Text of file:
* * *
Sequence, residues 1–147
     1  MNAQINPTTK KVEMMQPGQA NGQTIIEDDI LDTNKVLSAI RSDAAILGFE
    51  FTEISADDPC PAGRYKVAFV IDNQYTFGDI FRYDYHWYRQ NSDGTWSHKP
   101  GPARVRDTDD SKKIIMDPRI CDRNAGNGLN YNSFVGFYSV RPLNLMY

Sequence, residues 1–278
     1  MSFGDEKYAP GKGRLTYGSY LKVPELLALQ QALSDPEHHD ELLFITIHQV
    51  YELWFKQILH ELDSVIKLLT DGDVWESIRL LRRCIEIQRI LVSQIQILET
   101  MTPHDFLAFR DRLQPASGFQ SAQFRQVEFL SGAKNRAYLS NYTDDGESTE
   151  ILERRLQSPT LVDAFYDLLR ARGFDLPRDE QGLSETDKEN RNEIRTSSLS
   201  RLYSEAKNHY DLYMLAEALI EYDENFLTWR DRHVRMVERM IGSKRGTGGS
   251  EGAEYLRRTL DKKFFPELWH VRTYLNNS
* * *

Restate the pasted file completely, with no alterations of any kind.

Sequence, residues 1–147
     1  MNAQINPTTK KVEMMQPGQA NGQTIIEDDI LDTNKVLSAI RSDAAILGFE
    51  FTEISADDPC PAGRYKVAFV IDNQYTFGDI FRYDYHWYRQ NSDGTWSHKP
   101  GPARVRDTDD SKKIIMDPRI CDRNAGNGLN YNSFVGFYSV RPLNLMY

Sequence, residues 1–278
     1  MSFGDEKYAP GKGRLTYGSY LKVPELLALQ QALSDPEHHD ELLFITIHQV
    51  YELWFKQILH ELDSVIKLLT DGDVWESIRL LRRCIEIQRI LVSQIQILET
   101  MTPHDFLAFR DRLQPASGFQ SAQFRQVEFL SGAKNRAYLS NYTDDGESTE
   151  ILERRLQSPT LVDAFYDLLR ARGFDLPRDE QGLSETDKEN RNEIRTSSLS
   201  RLYSEAKNHY DLYMLAEALI EYDENFLTWR DRHVRMVERM IGSKRGTGGS
   251  EGAEYLRRTL DKKFFPELWH VRTYLNNS